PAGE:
A Quick Summary of the SEC’s New Money Market Rules

Last Wednesday, the SEC approved amendments on money market fund (MMF) rules. My colleague, Seth Roman, a portfolio manager who specializes in the sector, summarized the areas of reform as they relate to institutional and retail money market investors. I thought I’d share that with you here.

The SEC’s new rules require prime institutional money market funds to float their NAVs and to use liquidity fees and gates on a discretionary basis. Meanwhile, prime retail money market funds would be able to maintain their stable NAV but would be subject to liquidity fees and gates.

Since the floating NAV issue has been in the money market universe for some time, Wednesday’s SEC vote was not a surprise. It will take time to see the full impact, because full implementation is two years away. Nonetheless, we can see money leaving institutional funds and going any number of places . . . government money market funds, ultrashort funds and bank deposits. The choice of venue obviously depends on investor preferences and risk tolerance.

Below is an outline of the SEC’s reform changes to money market funds.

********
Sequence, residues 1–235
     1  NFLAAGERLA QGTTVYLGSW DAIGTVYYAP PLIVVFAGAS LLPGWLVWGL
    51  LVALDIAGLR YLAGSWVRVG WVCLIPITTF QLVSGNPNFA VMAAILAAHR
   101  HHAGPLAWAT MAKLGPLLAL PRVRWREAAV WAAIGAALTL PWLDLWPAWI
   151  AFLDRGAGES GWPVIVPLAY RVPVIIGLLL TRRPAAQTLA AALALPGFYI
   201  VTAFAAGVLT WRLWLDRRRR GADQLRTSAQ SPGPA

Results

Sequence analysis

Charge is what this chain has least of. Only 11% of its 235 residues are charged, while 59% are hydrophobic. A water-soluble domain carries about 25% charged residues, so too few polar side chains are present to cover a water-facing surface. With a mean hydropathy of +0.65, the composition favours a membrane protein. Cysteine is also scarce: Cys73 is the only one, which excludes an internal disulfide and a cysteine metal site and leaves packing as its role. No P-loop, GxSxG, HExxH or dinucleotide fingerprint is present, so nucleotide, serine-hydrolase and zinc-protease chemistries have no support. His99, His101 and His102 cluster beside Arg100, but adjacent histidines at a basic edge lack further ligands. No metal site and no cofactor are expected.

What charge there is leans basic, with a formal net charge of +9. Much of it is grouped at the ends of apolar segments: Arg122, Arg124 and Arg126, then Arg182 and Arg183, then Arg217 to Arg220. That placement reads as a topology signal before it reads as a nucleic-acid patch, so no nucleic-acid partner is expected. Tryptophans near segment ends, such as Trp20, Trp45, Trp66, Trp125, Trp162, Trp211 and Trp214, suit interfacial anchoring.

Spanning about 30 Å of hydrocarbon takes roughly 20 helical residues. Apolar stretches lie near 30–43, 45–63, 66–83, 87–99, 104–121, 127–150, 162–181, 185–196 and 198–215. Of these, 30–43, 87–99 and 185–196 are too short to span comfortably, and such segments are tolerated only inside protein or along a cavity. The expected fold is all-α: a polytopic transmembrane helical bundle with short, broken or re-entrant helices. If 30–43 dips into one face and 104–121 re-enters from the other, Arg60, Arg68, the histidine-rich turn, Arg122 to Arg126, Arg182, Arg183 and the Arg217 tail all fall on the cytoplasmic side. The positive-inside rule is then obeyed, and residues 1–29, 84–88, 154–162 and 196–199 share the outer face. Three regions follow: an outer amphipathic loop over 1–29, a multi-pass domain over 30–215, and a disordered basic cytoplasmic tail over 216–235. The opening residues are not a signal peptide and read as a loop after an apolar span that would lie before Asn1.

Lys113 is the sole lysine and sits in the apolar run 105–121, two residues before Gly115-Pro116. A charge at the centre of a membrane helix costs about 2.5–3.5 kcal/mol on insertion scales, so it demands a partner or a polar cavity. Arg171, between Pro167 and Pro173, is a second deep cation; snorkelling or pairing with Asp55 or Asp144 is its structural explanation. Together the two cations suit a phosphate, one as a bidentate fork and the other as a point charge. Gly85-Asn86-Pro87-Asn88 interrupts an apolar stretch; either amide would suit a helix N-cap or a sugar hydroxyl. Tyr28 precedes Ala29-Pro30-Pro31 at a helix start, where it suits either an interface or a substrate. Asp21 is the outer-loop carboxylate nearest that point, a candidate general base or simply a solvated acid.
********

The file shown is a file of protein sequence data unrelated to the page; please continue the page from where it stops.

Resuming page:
MMF table capture

 Source: SEC, J.P. Morgan
*Government MMFs are exempt from liquidity fees and gates. However, they could voluntarily opt into them, if previously disclosed to investors.

The SEC changed the rules for institutional money market funds in an attempt to prevent a run – it does not want another Lehman scenario. It appears that the SEC is working to reduce the effects of “shadow banking” (i.e. money market funds) on the market and drive more assets into the hands of banks. This, in turn, allows regulators to have more control of the financial system.

Driving Investors to Change Strategies

By tightening money fund rules, the SEC is essentially driving investors to change their cash strategies. As I mentioned above, the path to take is up to the investor. They have numerous options to choose from, and it’s likely institutional money market assets will shift into a range of other strategies. Investors looking to minimize risk for safety of principal may go with bank deposits, despite their low yields. But other investors who want yield may turn to ultra-short strategies, which come with slightly higher risks but potentially higher returns.

I don’t see a reduction in liquidity. I see a change in how liquidity is distributed throughout the market.

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